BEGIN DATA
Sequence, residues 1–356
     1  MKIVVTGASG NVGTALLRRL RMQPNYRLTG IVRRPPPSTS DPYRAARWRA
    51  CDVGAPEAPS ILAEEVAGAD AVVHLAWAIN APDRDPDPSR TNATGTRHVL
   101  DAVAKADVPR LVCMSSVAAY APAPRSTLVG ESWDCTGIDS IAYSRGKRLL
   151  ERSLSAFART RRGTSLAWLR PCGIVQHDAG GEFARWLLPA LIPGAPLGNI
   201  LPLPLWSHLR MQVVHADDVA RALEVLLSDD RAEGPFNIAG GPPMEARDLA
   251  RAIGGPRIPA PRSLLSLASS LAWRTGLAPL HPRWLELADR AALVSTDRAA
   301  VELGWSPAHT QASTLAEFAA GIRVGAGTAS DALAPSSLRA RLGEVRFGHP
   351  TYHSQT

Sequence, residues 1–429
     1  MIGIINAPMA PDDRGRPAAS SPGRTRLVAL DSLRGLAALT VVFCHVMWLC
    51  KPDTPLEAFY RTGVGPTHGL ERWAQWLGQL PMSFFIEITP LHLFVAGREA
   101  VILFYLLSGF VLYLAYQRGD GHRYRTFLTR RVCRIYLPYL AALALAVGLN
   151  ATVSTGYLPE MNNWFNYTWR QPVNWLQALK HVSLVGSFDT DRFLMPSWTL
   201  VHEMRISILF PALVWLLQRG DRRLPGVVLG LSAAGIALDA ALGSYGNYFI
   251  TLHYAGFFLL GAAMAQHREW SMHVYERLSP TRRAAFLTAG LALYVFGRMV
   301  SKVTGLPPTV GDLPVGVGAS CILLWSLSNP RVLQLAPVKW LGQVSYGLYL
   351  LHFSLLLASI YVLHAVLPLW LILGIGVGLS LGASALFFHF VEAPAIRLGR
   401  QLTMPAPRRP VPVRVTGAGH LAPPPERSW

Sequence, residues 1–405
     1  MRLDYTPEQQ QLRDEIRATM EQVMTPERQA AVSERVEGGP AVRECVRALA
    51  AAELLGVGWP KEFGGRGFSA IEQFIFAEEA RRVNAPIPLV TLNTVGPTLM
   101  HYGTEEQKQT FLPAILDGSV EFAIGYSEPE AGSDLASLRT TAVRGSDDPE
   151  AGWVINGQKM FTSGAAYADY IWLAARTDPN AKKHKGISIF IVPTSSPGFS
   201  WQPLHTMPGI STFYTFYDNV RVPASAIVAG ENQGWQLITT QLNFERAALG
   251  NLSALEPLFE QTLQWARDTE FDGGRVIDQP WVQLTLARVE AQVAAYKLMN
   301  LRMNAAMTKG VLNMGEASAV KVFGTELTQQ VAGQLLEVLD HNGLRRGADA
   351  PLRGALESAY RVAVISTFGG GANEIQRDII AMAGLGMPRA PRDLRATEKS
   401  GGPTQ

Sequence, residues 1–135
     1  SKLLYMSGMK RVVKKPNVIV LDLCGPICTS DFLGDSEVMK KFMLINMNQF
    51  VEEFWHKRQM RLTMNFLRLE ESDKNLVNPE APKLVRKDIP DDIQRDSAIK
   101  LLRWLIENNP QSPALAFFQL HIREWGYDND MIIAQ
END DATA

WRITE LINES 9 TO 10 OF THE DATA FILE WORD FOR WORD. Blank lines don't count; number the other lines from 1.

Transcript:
   351  TYHSQT

Sequence, residues 1–429